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Holiday dos and don'ts from the Geek Squad

With the gift-giving season upon us, the guys who see classic mistakes have a few tips before you put that gadget under the tree.

Giving the gift of tech is more complicated than you might think.

There are things to consider when bestowing the latest media player, notebook PC, cell phone or geeky peripheral on a loved one. Though family politics and hectic schedules can be automatic sources of stress come holiday time, getting a present should never be.

To help make the lives of givers and recipients a lot more cheery this December, CNET checked in with the Geek Squad, the Best Buy tech gurus dressed as mid-century television dads and charged with eliminating "all evil computer behavior."

Here are some geek-approved suggestions for this holiday season:

DO realize that you can create more work and stress for technophobes when you try to bring them into the 21st century with a fun, whizbang present.

CNET holiday gift guide

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Even though the ability to pause live television and skip commercials may forever alter life for the better, the setup for it can be confusing and frustrating. Recognize this before wrapping up a TiVo for grandma or your electronically illiterate brother-in-law. Or just be prepared to set it up for them--and possibly be placed on hold while waiting for tech support.

DO pay attention to the system they own. Many times people receive the latest technology as gifts, but lack the up-to-date components or peripherals necessary to make it work, said Agent Matthew Dworkin of The Geek Squad's Stepford, N.J., "precinct."

For example, the iPod is a popular gift, but it requires a USB 2.0 connection in order to transfer music and other files to and from a computer. Most PCs and notebooks made in the last two years have USB 2.0 as a standard feature, but there are a slew of older models out there that don't. "It's a factor of 40 between how fast one version of USB works and the (second) version," Dworkin said.

DO understand their lifestyle. If the person you're buying for doesn't spend much time in front of the TV, don't buy them a Slingbox--just because you think it's the coolest must-have gadget doesn't mean the recipient will.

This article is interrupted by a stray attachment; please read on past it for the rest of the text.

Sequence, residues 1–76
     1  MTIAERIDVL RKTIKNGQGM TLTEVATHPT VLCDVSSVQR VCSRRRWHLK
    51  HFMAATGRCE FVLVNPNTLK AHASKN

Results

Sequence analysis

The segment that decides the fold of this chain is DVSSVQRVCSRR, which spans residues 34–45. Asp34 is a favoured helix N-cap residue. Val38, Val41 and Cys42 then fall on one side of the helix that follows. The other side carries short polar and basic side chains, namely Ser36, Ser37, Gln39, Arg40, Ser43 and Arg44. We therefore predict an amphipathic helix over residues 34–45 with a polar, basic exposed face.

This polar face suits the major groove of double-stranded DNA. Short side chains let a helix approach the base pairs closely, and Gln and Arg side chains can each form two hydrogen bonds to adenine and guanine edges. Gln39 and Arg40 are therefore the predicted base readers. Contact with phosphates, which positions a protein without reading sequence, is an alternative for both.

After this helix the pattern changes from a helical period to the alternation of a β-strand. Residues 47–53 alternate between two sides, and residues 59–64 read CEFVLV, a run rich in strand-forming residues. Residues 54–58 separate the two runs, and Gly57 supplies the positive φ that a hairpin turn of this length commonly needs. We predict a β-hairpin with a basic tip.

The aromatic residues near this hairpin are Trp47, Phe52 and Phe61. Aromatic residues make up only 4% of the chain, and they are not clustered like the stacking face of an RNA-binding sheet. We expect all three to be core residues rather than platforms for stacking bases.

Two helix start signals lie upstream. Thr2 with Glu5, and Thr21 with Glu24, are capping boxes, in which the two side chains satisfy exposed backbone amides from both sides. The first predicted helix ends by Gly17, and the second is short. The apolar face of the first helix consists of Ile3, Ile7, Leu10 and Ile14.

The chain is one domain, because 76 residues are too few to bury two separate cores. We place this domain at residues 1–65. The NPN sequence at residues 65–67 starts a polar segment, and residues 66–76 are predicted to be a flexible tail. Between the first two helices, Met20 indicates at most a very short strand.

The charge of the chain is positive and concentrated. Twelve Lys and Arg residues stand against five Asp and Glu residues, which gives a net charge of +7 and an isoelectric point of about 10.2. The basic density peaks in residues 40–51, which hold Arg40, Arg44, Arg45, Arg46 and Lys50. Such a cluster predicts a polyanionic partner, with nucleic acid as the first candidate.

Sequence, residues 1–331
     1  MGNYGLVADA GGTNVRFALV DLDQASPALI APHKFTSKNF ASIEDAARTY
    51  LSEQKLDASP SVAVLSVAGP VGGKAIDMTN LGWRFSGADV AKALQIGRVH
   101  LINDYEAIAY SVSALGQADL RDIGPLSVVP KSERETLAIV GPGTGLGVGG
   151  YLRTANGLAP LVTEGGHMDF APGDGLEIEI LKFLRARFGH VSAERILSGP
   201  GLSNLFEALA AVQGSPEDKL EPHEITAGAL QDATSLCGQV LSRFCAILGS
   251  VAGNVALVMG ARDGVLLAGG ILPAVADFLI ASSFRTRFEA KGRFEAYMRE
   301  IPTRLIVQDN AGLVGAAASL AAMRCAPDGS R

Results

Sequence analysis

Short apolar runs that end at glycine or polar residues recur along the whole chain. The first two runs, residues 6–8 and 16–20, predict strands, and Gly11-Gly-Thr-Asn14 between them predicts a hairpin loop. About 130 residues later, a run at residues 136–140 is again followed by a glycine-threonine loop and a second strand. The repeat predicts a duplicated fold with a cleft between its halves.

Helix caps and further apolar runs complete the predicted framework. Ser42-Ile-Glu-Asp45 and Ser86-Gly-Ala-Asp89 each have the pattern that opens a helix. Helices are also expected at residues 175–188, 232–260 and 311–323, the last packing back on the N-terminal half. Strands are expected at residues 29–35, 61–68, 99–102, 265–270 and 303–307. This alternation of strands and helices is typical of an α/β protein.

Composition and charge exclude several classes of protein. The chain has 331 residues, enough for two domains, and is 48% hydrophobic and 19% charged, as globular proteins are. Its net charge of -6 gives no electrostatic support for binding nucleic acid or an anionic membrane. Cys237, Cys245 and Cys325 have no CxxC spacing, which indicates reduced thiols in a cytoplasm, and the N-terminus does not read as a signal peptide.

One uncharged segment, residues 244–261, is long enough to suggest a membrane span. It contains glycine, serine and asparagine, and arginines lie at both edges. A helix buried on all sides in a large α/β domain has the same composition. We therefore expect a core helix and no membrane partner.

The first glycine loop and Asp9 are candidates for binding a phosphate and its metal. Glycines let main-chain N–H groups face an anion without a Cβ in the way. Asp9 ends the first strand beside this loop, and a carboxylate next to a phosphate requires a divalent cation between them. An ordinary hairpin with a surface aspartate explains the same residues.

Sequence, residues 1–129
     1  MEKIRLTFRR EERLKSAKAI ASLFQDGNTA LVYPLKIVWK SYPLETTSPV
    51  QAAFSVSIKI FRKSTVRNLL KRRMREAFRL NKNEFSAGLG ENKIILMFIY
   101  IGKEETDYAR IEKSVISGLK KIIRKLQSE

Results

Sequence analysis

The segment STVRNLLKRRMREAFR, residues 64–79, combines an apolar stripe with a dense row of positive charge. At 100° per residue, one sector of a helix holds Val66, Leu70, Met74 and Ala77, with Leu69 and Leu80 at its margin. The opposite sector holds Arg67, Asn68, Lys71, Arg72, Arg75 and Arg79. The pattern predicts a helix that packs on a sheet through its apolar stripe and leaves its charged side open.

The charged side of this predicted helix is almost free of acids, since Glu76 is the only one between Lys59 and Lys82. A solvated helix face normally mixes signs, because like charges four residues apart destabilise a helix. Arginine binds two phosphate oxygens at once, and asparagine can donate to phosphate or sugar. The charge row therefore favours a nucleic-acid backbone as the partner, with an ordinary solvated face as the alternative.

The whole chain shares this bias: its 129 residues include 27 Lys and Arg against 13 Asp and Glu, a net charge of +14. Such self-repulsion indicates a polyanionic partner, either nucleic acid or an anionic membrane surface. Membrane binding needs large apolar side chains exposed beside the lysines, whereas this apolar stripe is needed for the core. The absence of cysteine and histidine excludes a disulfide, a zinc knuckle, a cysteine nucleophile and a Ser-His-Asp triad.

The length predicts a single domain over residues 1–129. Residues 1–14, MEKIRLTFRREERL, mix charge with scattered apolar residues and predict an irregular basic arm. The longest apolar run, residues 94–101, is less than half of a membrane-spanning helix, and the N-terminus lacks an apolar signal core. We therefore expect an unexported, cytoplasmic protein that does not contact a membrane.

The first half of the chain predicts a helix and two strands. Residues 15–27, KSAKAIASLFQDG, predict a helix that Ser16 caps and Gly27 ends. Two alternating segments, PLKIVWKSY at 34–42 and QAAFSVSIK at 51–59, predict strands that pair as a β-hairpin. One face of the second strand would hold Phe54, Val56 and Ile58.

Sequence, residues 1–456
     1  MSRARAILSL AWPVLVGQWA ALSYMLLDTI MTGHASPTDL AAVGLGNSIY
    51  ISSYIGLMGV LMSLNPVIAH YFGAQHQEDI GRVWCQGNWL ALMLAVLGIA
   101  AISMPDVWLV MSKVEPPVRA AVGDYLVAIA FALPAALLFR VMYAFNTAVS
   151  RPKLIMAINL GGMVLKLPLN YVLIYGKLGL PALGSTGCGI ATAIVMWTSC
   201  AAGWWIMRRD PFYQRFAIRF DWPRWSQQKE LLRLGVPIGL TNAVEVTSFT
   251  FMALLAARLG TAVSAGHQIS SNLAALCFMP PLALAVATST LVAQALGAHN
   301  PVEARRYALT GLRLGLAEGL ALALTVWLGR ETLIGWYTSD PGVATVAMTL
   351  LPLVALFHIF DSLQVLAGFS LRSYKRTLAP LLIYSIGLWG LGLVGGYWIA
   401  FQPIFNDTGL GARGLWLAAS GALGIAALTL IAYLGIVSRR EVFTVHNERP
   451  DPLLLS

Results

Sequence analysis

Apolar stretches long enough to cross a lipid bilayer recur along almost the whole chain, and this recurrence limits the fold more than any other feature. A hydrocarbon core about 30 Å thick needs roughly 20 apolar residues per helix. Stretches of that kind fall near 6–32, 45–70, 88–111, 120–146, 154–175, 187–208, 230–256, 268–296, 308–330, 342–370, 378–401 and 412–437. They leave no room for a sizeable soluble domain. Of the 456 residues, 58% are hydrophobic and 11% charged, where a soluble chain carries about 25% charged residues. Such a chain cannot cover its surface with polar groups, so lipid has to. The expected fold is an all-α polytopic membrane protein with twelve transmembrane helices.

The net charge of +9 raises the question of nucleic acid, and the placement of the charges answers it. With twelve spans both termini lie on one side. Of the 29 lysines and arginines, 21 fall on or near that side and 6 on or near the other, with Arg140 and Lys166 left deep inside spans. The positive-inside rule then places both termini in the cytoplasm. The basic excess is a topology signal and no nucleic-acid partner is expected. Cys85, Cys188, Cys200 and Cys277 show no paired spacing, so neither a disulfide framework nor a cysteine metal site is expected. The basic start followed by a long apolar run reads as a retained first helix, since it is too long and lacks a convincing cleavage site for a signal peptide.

By the same token, consider how the recipient will use the gift. Buying someone a 42-inch flat-panel television is usually welcome, but not if it's too big for their living room. Sitting too close to a high-resolution TV can defeat the purpose of having one. "Don't get someone the biggest TV, get the best TV for that person," said Larry Toscana, director of customer strategy for Panasonic.

DO consider the associated costs of your gift to the recipient. Understand that giving an expensive present, like a high-definition television, may require the person to lay out more money to make it work. The additional cost of cables, wall-mounting or upgraded channel services is important to the recipient, so it should be important to the giver, said Panasonic's Toscana.

DON'T buy another person the gift you would like to get. The music lover on your list may be more satisfied with a portable CD player than a digital audio player, if file formats are not his or her forte. "They don't have to worry about going through the rigmarole of putting a CD into a computer and ripping it. If you don't know how to do that, it gets frustrating," Dworkin said.

DON'T worry if you can't set up a network or wireless router. Even the best at following manuals can get waylaid by these, Dworkin said.

"We have a lot of calls on those, specifically from people who buy a router, take it home, and it still doesn't work. The directions are well-written and clear, but still sometimes not enough," he said. It's unsurprising then that networking devices are one of the most frequently returned consumer electronics products, according to Dworkin.

DON'T buy an incomplete gift. You wouldn't serve someone a filet mignon without a fork and a steak knife, would you? In the same way, it's not nice to buy someone a slick new photo printer, but not the USB cable to connect it to the printer or camera. "You always want to make sure people can use the gift as soon as they get it," Dworkin advised.